Category Archives: Meteorology
Thus far the winter has been relatively mild around the Northern Hemisphere. This December was the 14th-warmest December, and the period from Sept. 1 through Dec. 31 was the eighth-warmest since 1948.
Such a prolonged delay to the onset of winter makes one wonder if it will ever arrive this year. Though there is no clear way to be sure about the answer to that question, one potential phenomenon that can encourage a winter-like cold air outbreak is a sudden warming of the lower stratosphere, the layer of the atmosphere between 6 and 20 miles above the surface. Continue reading
The year began with frigid temperatures across Wisconsin. The average temperatures for the first seven days of January were well below normal across southern Wisconsin with most areas at least 15 degrees below normal.
The end of 2018 saw temperatures several degrees warmer than normal, including a record high temperature of 50 F on Dec. 27, tying a record high for the date, last set in 2003, and previously set in 1936 and 1946. Continue reading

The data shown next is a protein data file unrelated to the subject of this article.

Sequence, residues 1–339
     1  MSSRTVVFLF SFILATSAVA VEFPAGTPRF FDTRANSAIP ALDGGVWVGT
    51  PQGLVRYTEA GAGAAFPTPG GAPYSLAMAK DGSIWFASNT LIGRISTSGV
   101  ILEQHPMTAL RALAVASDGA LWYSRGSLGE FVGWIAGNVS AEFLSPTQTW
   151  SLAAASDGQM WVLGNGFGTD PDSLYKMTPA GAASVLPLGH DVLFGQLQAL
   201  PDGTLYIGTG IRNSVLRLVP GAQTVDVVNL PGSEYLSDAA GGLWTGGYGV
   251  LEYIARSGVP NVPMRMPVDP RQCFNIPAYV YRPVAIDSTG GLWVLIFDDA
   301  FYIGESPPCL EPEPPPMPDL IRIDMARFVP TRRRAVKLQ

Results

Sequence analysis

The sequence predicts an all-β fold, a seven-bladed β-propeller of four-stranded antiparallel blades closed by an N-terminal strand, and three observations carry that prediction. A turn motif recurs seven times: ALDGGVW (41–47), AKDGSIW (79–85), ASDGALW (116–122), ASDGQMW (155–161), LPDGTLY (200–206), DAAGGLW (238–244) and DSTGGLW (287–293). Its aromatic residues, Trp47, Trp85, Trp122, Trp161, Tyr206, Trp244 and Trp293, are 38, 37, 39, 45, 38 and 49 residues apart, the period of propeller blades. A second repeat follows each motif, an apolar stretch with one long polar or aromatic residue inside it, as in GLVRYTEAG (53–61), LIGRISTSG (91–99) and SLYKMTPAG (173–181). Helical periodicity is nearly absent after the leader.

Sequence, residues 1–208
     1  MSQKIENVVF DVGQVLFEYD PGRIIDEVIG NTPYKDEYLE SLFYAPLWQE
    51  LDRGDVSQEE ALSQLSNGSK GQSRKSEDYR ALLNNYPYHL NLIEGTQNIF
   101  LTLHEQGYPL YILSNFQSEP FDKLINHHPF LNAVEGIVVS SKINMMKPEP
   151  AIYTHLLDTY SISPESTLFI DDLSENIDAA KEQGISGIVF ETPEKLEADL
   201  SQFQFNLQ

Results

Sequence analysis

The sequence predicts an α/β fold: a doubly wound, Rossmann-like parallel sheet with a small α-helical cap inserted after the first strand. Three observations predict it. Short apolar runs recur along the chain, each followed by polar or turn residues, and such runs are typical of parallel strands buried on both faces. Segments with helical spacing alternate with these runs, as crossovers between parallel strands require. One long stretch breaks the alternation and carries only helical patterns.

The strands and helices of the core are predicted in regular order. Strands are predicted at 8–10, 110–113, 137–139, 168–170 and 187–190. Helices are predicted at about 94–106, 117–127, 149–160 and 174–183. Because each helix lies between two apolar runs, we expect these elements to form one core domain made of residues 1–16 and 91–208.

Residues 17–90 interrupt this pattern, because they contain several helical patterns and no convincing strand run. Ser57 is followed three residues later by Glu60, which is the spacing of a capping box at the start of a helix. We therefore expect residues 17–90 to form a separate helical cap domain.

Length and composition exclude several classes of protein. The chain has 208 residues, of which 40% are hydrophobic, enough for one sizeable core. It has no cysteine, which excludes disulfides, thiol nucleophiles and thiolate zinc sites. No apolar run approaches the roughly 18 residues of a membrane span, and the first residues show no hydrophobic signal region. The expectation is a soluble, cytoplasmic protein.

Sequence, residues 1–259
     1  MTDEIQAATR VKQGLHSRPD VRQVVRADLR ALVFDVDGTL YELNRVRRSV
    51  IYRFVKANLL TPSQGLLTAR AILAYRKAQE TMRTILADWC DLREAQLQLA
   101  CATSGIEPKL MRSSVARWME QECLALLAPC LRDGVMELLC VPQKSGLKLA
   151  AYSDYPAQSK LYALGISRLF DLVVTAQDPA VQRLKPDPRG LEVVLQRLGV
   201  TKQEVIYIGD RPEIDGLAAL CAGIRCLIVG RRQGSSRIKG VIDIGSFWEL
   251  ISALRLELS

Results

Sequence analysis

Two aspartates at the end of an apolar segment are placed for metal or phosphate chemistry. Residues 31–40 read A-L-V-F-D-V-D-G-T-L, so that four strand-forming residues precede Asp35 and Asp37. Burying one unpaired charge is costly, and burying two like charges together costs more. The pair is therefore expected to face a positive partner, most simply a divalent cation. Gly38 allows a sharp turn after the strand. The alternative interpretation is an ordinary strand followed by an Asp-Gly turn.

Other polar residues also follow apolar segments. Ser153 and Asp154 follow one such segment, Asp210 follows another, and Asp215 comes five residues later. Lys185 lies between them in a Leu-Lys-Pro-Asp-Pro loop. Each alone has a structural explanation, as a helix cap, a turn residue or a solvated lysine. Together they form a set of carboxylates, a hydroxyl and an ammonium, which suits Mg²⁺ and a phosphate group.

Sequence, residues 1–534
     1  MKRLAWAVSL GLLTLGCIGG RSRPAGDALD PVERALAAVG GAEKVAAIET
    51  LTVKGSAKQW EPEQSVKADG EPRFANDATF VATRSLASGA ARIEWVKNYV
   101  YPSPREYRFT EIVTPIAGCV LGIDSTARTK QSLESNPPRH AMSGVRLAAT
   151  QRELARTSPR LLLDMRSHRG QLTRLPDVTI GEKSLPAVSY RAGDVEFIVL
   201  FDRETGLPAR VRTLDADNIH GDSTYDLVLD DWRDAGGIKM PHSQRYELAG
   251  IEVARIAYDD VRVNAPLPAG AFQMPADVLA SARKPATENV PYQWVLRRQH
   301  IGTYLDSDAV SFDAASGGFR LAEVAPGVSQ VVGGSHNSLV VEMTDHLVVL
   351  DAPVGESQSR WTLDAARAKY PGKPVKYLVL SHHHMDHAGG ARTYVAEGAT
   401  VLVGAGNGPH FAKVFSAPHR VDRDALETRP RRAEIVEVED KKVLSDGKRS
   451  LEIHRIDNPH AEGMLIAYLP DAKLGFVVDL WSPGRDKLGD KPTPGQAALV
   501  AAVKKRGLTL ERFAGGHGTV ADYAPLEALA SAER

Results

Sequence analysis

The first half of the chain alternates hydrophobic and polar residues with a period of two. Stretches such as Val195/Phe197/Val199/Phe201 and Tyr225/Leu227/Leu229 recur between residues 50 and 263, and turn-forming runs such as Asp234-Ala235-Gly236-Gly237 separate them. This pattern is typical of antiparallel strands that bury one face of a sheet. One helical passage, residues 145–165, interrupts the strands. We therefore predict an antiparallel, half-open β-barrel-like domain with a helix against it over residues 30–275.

In testimony to the infectious appeal of the famous scenes memorialized by Nathaniel Currier and James Ives, prolific lithographers of the middle 19th century, there is an enduring obsession with snow at Christmastime.
A so-called White Christmas is officially observed anytime there is 1 inch of snow on the ground on Christmas morning, whether or not it is snowing at the time. Continue reading
In 1803, British pharmacist and chemist Luke Howard devised a classification system for clouds. It has proved so successful that meteorologists have used Howard’s system ever since, with minor modifications.
According to his system, clouds are given Latin names corresponding to their appearance — layered or convective— and their altitude. Clouds are also categorized based on whether they are precipitating. Continue reading
The atmosphere is actually a fluid. Like water, the pressure at the bottom of a deep column of fluid is larger than the pressure near the top of the column.
Fluids move in response to differences in pressure (the pressure gradient force), always flowing from high toward low pressure. In fact, the wind is driven by pressure differences measured in the horizontal directions. Therefore, the air near the ground (at the bottom of the deep atmosphere) is compelled to move upward toward lower pressure above. Continue reading